Back. In the outback…
Tunnel Creek itself runs through a natural cave cut into the limestone that was once the Devonian reef here under the ocean. Tourists come and naturally walk through the tunnel, which is what we did too. Insider tip: Wellington boots are a good idea. You’ll see why:
Walking right through the tunnel doesn’t take all that long as it’s a mere 750 meters in length.
And that short walk through a tunnel was our excursion for the day. That was it. Nothing more!
The creek, the tunnel, the park – all were very interesting and definitely worth seeing, but it just took SOOO long getting to them. You need to either fly for over an hour or drive for four. Still, this is the gigantic landmass that is Australia. What were we expecting?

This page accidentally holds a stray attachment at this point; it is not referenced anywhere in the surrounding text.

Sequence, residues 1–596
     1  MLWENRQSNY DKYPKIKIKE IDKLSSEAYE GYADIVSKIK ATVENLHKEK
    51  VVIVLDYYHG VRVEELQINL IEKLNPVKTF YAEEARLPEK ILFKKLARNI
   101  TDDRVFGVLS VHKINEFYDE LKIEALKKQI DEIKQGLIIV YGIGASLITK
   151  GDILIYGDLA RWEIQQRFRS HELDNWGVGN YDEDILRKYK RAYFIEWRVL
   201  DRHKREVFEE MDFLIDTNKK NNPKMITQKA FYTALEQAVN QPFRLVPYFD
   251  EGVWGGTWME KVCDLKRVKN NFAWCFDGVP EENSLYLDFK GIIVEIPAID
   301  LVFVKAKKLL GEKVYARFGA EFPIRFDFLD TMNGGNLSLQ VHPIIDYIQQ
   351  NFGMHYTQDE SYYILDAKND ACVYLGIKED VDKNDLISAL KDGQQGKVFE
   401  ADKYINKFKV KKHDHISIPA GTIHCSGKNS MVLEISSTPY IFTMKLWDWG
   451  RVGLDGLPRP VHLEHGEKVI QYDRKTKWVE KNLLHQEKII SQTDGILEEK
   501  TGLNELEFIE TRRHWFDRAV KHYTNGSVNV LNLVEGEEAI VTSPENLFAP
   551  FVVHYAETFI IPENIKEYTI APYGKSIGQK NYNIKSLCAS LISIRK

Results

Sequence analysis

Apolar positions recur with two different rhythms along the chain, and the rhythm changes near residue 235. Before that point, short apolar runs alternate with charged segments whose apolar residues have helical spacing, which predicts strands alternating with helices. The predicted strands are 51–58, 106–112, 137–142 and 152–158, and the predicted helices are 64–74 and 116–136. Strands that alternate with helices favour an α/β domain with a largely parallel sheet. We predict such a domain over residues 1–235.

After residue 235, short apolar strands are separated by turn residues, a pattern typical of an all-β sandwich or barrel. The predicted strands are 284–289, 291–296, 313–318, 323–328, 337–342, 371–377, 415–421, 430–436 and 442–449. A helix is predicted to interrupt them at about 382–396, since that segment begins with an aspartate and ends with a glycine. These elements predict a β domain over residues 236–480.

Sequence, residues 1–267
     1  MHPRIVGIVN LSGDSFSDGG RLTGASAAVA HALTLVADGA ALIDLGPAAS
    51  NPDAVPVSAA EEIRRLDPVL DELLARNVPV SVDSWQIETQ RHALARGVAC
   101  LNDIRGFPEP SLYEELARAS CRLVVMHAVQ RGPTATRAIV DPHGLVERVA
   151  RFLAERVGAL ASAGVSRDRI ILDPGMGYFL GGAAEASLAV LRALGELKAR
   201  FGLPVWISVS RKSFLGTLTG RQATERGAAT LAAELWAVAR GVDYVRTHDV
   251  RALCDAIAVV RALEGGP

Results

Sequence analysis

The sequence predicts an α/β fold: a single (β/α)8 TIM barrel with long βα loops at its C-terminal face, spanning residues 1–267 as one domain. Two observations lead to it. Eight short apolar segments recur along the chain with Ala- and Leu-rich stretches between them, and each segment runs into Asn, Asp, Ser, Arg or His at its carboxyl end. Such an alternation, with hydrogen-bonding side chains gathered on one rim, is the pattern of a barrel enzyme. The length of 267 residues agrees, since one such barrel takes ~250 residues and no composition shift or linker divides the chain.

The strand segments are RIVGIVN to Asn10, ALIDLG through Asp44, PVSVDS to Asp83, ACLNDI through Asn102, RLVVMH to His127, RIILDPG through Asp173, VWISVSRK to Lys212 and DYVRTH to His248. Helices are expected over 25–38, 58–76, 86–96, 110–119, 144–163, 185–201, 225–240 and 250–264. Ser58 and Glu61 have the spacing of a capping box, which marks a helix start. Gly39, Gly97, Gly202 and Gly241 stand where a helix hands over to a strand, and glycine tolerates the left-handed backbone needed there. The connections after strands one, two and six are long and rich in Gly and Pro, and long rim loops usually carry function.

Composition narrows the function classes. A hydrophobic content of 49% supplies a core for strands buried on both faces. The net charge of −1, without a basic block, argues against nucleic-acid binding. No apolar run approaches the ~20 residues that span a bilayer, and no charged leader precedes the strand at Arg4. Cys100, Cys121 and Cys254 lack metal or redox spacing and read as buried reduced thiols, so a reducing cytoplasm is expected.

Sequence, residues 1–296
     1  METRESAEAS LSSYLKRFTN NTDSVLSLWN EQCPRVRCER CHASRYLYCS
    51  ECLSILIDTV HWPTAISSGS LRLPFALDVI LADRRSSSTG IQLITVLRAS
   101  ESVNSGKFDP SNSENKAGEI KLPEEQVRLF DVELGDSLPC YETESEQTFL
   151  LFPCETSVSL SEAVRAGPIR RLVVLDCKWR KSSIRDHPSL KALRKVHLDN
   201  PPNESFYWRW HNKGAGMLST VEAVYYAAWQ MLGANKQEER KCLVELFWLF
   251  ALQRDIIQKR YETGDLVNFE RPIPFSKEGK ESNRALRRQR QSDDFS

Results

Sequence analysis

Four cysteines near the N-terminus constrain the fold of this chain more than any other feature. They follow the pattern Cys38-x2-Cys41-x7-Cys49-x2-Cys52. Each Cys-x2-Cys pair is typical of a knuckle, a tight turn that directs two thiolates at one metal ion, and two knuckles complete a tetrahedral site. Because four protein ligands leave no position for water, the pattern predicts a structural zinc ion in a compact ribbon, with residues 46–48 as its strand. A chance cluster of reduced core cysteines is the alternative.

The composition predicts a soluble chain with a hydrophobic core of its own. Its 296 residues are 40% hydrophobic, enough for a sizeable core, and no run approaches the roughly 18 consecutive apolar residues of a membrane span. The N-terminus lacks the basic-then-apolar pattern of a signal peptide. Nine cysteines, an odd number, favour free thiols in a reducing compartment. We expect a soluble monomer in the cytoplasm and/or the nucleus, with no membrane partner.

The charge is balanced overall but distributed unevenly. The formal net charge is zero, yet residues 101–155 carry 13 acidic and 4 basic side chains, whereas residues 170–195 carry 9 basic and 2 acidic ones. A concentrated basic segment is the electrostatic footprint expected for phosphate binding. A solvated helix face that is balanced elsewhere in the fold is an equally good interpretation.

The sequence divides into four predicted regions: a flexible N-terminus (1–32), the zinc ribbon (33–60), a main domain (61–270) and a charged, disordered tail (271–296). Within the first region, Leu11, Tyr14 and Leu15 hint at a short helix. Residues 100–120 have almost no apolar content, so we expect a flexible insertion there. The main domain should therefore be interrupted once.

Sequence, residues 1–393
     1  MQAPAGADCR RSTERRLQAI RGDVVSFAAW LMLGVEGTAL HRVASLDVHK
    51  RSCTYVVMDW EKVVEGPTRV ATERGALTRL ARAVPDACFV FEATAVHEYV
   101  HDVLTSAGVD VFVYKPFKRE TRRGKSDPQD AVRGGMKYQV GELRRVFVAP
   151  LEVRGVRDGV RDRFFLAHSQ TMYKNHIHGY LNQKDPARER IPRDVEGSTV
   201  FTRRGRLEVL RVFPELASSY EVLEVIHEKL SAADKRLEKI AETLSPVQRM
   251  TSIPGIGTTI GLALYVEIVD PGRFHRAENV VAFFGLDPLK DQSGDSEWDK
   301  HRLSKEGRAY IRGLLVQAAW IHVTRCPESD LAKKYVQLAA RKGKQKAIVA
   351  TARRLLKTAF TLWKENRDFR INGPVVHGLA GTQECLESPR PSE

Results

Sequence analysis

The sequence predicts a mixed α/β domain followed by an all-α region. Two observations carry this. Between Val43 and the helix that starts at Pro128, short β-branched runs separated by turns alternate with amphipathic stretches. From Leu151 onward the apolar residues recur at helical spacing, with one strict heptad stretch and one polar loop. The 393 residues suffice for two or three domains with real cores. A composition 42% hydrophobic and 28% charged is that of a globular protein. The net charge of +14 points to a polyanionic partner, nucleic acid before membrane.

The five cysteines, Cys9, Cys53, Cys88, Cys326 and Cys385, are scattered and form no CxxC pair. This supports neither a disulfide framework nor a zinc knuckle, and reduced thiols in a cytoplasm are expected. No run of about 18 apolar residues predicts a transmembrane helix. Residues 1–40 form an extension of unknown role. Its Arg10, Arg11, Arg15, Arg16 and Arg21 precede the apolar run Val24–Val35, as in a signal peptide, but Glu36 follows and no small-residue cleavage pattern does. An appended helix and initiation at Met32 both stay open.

It turns out there are other unique and fascinating natural sights to be investigate here but, due to the above-mentioned super-sized distances, we couldn’t fit them into our day.
Example No. 1: A further (!) 400 kilometers east (after Tunnel Creek) there’s a place called Bungle Bungle Range in the Purnululu National Park – somewhere around here. Shame we missed it, for judging by the photos on the Internet it looks most alluring.
Example No. 2: A mere couple hundred kilometers south-southwest of Tunnel Creek is a well-preserved meteorite crater – Wolfe Creek Crater – but that, I have to admit, is only for real space heads. All that way for nothing but a hole in the ground? No cafés, shops, malls, hotdog stands, souvenir stalls? Does look intriguing mind…
Paradoxically on that intergalactic note, I’ll end my reporting on terrestrial Kimberley. Next up: exclusively marine Kimberley.
The rest of the photos are here.